Adjoining these two large studios is a third space with a full bath that gives me storage room for my finished panels and vintage frames. There is also a workshop area for Robert who creates all my wood panels and frames. Lastly, there is direct access from both studios to a large backyard that is nicely landscaped and serves as a quiet sanctuary and retreat from my workspaces.
Q: What are your artistic influences and where do you look for inspiration.
A: Inspiration comes to me in many forms. I enjoy music, literature, poetry and being in nature. I oftentimes find myself inspired after reading or sketching in my journals late at night, which inevitably lands me in my studio in my PJs’ laying down a layer or two of paint on a panel. My artistic influences are primarily the Modernists and contemporary painters. Some of my favorite historical figures include; Matisse, Picasso, Georges Braque, Paul Klee, Georgia O’Keeffe, William Turner, Rothko, Barnet Newman, Jasper Johns, Antoni Tápies and Robert Motherwell. That is a very short list. There are really too many to name. Additional contemporaries that influence me are artists such as Diebenkorn, Marcia Myers, Robert Ryman, Julian Schnabel, Ernesto Berra, and Ciao Fonseca. I also like many of the contemporary illustrators that cross over into fine art, several of which were featured in your book Art Revolution.
Q: What do you see yourself incorporating in your work as your mixed-media vision evolves?
A: I see myself incorporating more architectural elements into my work. I like assemblage and I enjoy incorporating elements such as fabric, vintage book covers and found architectural wood objects into my panels. I am currently sketching out some ideas for my panels that will hold custom wood carvings that are imports from Bali and India. My vision is to create a custom inset within these panels that will be surrounded by layers of color and cloth to achieve the look and feel of a very aged architectural wall or doorway.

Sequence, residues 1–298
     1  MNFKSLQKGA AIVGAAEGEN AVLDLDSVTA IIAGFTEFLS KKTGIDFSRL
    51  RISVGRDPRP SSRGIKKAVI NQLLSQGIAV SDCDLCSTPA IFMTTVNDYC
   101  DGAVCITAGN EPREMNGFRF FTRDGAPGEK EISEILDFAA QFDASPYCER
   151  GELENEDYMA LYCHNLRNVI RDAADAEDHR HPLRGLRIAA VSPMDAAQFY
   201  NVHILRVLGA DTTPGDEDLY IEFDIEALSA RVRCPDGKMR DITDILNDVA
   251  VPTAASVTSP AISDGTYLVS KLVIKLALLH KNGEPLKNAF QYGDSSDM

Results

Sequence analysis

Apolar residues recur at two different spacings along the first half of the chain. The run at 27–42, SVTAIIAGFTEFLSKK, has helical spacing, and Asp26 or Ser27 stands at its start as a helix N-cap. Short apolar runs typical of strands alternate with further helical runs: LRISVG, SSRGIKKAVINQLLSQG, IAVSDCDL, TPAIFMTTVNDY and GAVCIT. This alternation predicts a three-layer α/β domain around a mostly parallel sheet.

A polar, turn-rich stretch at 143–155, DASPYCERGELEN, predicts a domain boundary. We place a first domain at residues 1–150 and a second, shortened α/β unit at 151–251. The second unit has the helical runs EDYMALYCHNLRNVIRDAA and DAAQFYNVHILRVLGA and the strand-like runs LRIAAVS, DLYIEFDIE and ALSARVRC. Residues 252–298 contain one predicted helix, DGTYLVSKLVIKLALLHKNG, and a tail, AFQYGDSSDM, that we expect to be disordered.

Q: What are your future aspirations creatively?
A: I truly enjoy the illustration world and I have been exposed to many exciting projects since I began working with Gerald + Cullen Rapp in 2006. I will continue on the illustration path and I will also continue to produce personal work, expanding my gallery representation. My goal is to find a happy balance between the two worlds, and so far it’s working pretty well. There is no conflict creatively in switching from digital illustration to physical painting. I am actually fueled by working in the two different environments. It seems to suit my metabolism and my interests. The biggest challenge is time, which seems to be true for many artists.
Widely published in the commercial world, Stephanie’s work has appeared in publications such as: The Wall Street Journal, The Boston Globe, the LA Times and Harvard Business Review. She regularly produces magazine covers for higher education as well as book jackets, and artwork for opera and theatre posters.